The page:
Ah, the joys of uncovering old files … in this case, interesting sidelights received early in the Vietnam era while I was editor of RIPPLES, the newsletter of the tugboat company that operated the shallow draft operation. Here are excerpts:
Phil Jordan, Saigon, Dec. 16, 1976
It hasn’t made the war stories but GI’s in Vietnam have made a discovery that Japanese farmers made hundreds of years ago – sukiyaki.
In their equipment the Gis have a little spade with a hinged handle about two feet long – an implement officially known as an entrenching tool. But they’ve learned it also makes a darn good skillet and also that meat cooks quickly when cut into thin slices. For fuel they use small chunks of C4, a plastic explosive that gives an intense hot flame.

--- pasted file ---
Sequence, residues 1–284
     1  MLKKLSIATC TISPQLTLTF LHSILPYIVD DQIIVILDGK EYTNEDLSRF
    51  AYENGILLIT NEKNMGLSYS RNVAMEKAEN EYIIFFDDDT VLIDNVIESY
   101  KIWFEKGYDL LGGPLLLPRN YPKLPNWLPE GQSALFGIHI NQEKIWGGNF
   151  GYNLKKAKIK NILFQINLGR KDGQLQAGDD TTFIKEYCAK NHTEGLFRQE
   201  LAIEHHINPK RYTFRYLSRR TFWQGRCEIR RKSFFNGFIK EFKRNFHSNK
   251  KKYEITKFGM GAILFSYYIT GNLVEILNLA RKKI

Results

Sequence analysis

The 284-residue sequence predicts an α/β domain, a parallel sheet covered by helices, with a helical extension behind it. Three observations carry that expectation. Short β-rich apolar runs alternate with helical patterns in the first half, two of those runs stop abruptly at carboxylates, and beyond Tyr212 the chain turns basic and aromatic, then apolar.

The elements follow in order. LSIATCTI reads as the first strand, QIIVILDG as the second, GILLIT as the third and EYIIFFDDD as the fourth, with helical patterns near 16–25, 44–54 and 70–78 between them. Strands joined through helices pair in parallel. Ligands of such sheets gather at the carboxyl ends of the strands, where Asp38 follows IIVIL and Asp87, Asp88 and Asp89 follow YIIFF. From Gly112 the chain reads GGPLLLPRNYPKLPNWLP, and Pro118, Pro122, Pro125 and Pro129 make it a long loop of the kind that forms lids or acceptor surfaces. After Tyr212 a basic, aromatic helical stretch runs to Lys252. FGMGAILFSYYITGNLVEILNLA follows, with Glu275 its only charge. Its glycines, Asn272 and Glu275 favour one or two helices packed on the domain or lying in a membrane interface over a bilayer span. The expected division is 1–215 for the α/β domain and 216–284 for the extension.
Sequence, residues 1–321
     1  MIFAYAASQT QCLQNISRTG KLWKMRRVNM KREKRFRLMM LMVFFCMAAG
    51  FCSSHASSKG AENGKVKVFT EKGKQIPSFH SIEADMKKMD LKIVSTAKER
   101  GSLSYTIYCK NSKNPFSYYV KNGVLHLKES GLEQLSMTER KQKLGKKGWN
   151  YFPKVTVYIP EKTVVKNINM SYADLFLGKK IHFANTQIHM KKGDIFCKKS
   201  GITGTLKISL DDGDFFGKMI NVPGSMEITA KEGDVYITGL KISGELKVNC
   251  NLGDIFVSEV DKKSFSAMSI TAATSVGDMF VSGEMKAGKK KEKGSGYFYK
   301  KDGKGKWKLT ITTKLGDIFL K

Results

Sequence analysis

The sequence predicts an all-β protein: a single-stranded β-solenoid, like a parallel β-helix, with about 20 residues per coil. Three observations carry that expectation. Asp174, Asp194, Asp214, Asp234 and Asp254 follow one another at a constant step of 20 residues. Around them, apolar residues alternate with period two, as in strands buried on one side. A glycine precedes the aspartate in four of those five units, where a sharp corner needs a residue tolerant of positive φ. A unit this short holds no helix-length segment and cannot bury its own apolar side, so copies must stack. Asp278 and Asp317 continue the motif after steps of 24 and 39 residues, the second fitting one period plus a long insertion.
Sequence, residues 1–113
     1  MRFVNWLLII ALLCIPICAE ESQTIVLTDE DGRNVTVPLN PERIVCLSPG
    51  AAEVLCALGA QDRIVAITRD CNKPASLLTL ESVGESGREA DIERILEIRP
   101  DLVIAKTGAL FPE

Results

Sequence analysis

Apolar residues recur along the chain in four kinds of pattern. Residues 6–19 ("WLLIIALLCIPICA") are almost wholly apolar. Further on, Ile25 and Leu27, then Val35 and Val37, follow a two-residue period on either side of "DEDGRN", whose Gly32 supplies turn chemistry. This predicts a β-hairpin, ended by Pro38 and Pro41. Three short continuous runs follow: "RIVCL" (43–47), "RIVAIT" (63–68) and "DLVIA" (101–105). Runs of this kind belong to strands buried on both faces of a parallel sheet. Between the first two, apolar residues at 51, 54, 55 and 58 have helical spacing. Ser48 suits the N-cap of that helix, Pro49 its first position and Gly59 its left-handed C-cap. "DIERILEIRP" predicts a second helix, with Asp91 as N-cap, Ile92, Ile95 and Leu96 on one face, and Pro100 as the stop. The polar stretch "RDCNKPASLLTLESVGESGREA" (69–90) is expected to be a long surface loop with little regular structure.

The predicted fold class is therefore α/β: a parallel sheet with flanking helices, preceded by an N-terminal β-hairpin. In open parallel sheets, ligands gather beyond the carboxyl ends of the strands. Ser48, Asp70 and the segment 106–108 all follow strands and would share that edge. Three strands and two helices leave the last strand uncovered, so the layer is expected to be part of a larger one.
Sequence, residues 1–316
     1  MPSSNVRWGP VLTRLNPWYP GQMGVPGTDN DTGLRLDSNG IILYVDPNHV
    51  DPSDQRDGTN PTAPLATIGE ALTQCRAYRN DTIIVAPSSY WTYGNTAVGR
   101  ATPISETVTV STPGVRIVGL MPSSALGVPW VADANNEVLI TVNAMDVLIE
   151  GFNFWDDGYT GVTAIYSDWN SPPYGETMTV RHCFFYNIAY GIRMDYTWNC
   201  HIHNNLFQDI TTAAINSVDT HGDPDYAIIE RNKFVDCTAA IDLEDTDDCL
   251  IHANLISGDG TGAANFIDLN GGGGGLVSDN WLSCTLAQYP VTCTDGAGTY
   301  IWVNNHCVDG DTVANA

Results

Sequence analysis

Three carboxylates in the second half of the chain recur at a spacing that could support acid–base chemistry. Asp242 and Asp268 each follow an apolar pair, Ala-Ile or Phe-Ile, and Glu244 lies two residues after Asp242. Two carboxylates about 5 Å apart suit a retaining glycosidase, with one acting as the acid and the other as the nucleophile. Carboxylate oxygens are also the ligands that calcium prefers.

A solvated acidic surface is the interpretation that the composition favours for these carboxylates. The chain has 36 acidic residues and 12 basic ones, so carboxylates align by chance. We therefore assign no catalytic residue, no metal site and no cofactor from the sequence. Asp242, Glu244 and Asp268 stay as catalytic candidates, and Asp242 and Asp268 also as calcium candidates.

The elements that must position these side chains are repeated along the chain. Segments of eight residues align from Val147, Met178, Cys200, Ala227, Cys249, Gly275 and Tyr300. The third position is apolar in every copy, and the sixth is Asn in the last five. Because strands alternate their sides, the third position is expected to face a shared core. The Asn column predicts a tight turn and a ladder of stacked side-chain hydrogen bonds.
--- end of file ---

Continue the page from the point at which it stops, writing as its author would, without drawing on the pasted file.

Most GI’s go into battle with two small bottles in the camouflage webbing of their helmets — insect repellant and hot sauce. And in addition to their regular gear, they also have a sock or two filled with onions, potatoes, garlic cloves, the very hot Vietnamese red peppers. And the better types of C-ration food – sliced ham, beef chunks and the like – are pooled, mixed with the vegetables and rice for a “slumgullion” stew.
Vietnam has lots of bananas, delicious oranges, limes and lemons, small, tart and not-too-sweet pineapples, giant pear-shaped grapefruit and just about any other variety of tropical fruit you like – yet the Vietnamese people are not too fond of fruit. As a result, GI’s are buying tons of the stuff. A stalk or two of the 100 varieties of bananas, for instances, they get for a dime.